Federal Reserve Chair Janet Yellen will be speaking on the US economy starting at 12:30 today in an address before the City Club of Cleveland. We suspect that, on balance, her remarks on the domestic economy may surprise to the upside, taken by a dovish-leaning market keenly focused on global risks as mildly more hawkish than what might be expected.
She is nevertheless highly unlikely to steer her messaging towards a first rate hike to September per se, or to send any calendar-specific signal on lift-off at all. Chair Yellen is instead likely to tact close to the Federal Open Market Committee’s current messaging mantra of a meeting by meeting approach in which a rate rise before year-end is a reasonable assumption and that the pace of subsequent hikes is likely to be very gradual.
But we do think she is probably going to present a reasonably favorable take on the US outlook, noting good underlying fundamentals to the US recovery with consumer confidence and spending on the rise, housing doing better, and household balance sheets in good repair; as the labor market continues to heal with labor market slack continuing to diminish, and perhaps even the faintest of signs in wage growth. On inflation, while still too low, she may affirm it should by every indication begin a slow ascent towards mandate-consistent levels in due course, with that upward path more clearly showing up in the data by next year.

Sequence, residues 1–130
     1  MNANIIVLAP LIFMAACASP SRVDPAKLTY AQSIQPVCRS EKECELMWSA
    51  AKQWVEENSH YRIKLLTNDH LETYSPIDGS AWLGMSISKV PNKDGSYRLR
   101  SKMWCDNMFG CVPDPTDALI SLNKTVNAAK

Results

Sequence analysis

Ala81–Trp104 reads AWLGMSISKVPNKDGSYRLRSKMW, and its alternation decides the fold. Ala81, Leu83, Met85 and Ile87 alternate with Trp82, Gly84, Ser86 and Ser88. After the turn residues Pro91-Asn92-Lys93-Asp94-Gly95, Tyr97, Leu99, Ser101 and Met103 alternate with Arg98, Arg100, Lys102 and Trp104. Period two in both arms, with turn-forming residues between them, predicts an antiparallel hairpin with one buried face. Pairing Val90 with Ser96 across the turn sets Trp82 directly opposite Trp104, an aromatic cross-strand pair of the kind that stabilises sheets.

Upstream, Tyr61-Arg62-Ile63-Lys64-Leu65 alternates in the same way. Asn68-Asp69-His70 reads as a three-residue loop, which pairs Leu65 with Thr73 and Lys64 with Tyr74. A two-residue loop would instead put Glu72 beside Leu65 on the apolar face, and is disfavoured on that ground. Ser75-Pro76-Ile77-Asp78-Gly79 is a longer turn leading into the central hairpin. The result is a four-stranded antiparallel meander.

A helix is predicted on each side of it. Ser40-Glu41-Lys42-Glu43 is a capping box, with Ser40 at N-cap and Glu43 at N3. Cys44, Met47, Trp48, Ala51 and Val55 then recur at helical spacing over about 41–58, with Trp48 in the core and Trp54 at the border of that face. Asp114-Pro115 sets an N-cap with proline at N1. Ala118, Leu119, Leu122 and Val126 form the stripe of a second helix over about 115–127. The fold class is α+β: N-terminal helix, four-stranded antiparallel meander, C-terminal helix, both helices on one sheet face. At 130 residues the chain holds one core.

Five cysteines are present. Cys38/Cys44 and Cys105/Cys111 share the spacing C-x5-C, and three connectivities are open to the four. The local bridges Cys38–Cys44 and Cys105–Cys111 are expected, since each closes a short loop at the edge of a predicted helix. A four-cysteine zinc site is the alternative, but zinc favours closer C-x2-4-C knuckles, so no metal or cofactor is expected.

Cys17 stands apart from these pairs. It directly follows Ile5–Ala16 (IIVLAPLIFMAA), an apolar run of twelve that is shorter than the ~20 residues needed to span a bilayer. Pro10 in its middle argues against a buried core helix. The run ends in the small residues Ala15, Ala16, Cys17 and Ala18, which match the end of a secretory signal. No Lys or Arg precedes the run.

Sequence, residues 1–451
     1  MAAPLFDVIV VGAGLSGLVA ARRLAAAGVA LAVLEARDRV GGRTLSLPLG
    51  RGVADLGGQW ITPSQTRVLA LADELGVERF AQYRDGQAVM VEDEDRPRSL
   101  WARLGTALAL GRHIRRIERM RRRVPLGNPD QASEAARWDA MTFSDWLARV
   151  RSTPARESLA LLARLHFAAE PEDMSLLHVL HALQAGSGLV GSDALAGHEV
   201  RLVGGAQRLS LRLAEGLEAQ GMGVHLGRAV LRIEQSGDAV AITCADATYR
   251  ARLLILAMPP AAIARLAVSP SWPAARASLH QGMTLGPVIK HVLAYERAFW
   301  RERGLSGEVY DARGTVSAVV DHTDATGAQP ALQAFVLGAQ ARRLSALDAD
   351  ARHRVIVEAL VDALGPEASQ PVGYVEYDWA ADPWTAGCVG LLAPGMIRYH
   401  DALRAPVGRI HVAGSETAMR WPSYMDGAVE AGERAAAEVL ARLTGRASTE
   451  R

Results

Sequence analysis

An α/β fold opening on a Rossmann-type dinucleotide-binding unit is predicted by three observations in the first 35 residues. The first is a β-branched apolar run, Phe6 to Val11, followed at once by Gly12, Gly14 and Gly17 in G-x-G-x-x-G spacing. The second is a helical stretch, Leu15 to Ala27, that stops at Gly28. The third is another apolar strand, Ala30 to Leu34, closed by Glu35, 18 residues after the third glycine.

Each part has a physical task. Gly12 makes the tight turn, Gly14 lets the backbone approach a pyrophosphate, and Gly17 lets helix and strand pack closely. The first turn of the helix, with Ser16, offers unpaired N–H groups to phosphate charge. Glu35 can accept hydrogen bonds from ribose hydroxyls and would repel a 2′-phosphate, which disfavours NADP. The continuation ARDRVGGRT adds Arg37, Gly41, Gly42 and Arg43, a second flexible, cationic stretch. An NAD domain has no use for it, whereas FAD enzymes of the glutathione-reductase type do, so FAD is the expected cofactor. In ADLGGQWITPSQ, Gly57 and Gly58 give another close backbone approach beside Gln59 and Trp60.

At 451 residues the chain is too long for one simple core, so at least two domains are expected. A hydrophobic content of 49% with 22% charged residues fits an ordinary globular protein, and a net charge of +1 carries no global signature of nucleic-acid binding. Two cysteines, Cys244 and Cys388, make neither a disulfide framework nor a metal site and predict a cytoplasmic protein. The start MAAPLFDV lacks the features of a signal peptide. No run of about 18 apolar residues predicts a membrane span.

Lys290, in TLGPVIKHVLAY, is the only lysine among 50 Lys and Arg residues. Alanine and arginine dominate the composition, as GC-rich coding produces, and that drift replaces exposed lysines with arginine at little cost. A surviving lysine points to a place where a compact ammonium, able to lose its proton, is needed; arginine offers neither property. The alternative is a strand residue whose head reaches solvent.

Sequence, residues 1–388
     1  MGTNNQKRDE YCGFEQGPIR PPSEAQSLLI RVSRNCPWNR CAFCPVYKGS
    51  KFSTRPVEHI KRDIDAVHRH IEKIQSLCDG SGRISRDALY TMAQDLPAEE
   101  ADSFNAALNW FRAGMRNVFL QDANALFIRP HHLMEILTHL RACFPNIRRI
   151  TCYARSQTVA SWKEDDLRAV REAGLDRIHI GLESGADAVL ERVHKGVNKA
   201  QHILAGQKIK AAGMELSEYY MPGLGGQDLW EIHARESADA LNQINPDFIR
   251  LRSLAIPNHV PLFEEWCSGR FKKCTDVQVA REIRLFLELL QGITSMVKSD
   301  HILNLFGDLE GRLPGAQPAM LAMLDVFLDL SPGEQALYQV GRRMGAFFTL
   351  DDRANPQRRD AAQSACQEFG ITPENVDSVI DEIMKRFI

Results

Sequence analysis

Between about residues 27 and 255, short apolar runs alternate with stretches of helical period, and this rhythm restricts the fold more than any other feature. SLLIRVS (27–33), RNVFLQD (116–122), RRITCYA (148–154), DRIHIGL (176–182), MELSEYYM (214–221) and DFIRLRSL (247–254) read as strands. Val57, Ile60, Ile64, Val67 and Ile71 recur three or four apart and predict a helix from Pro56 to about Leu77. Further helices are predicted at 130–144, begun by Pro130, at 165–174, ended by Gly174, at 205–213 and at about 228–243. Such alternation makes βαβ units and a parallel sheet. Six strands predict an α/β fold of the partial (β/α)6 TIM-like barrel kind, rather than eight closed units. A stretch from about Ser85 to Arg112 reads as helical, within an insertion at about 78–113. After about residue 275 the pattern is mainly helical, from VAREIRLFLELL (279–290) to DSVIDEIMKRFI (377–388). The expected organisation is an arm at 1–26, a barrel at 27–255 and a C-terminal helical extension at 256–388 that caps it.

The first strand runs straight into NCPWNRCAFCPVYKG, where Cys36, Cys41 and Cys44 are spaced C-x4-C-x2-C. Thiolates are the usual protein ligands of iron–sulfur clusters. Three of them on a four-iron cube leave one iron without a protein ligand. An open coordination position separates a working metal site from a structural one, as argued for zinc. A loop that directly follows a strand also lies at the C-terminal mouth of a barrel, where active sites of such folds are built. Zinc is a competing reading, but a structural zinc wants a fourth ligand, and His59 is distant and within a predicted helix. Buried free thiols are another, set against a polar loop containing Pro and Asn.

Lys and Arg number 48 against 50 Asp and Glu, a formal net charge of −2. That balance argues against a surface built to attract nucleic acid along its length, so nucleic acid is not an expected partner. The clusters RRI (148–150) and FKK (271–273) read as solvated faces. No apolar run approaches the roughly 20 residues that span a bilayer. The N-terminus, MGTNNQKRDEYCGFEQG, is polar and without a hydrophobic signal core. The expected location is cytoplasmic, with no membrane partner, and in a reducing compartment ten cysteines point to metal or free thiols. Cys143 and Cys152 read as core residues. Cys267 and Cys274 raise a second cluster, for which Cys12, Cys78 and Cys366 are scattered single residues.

We also think she will nevertheless highlight the risks to that base case, including the international risks, be it from Europe and its crisis over Greece, or China for that matter. In fact, with Greece looking like it is heading towards a deal (see our note last night, SGH 7/9/15, “Greece: Cautiously Positive”), it may be China’s turbulence with a credit bubble and a slowing economy that will raise as many new questions to the Fed’s forecast now as Europe.
But still, we continue to suspect Chair Yellen will couch her remarks on the international developments as risk to what is otherwise a reasonably upbeat base case scenario for the US recovery and a start to policy normalization. The market may seize on the cautions over those risks, but we think the more important takeaway will be in the overall thrust and tone of the confidence in the US underlying strength, even if it remains a bit shy of certain.